The Lebanese Civil War and the Israeli Invasion of Lebanon have affected Lebanon’s economy tremendously. Since 2008 their economy has grown about 8 percent but not significantly enough as they are still a country highly in debt from war. Women in correlation with the economy have been able to participate since the 1970s but they are still underrepresented in the labor force and are the first to be negatively impacted when the economy fails. Currently in Lebanon, Article 215 of their Law of Contracts and Obligations allow men and women the same right to own and administer property. Married women can even own and manage their property separately regardless of their religious affiliation. Although given the same rights there are still inequitable repercussions that negatively affect the women more than men. For example, if a woman’s husband declare bankruptcy then there are restrictions that are put on the women’s property but not the man’s. Furthermore, there is some legal wording that makes it harder for women to stand completely independently economically because women’s property, if married are considered purchases by the man’s money and technically considered an asset of the man’s unless proven otherwise. Here you see women though given equal opportunity to acquire property, still not completely equal to man as there is legal wording that gives women a harder time to be seen as an individual human being instead of a subordinate or an asset/accessory to her husband.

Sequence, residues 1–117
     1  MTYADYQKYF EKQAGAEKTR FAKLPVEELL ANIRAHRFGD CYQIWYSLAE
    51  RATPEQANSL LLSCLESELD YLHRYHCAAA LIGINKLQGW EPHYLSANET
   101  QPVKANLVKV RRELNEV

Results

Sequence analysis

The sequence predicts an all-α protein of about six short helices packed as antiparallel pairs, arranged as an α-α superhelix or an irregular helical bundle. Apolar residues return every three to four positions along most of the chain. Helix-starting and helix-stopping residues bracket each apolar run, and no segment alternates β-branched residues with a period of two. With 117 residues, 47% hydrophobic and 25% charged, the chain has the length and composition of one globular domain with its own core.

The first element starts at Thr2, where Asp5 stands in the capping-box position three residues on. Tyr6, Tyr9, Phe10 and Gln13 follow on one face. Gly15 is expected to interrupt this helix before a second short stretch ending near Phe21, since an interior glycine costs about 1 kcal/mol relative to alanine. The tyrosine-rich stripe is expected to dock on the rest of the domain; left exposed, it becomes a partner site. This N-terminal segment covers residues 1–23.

Women have the right to work in Lebanon. Though given the right more men are still seen in the work force than women (see figure 4 below by the Institute of Women’s Policy research). More women especially those between the age 36 to 55 tend to stay in the home and tend to their family and children duties, playing into the social norms of women’s role in Lebanon’s patriarchal society. Although men are relatively represented more in the work force, women still work. Women are more likely to take on part-time jobs if they do work as they have to tend to their household duties as well. Article 29 of Lebanon’s Employment Act was amended to increase maternity leave; however, Lebanon does meet the standard given by the ILO convention 103 granting women no less than 12 weeks. Not to mention Lebanon does not offer services to help with childcare making it hard for women to indulge themselves completely in the work force and paternity leave is not offered at all. Common jobs for women who do work are generally in the service area or do specialists work ( see figure 6 below by Institute of Women’s Policy research to see other jobs women take part in) . Women’s salaries compared to their male counterpart is drastically different. Men tend to make more than women causing a vast gender wage gap. Three times as many men as women make more than 1101 dollars per month while three times as many women as men earn less than 300 dollars a month. Although, women and men who work in the government/public sector make similar wages, women in the private sector do not and 86 percent of most workers in Lebanon work in the private sector and 80 percent of the women in the private sector make 700 or below (see figure 9 and 10 by Institute of Women’s Policy research for wage gap). There is also a big gap between pay based on a woman’s age. The younger the woman the more likely she is to be paid less ( 2 out of every 3 young women earn 500 dollars or less) as increase in pay comes with years of experience.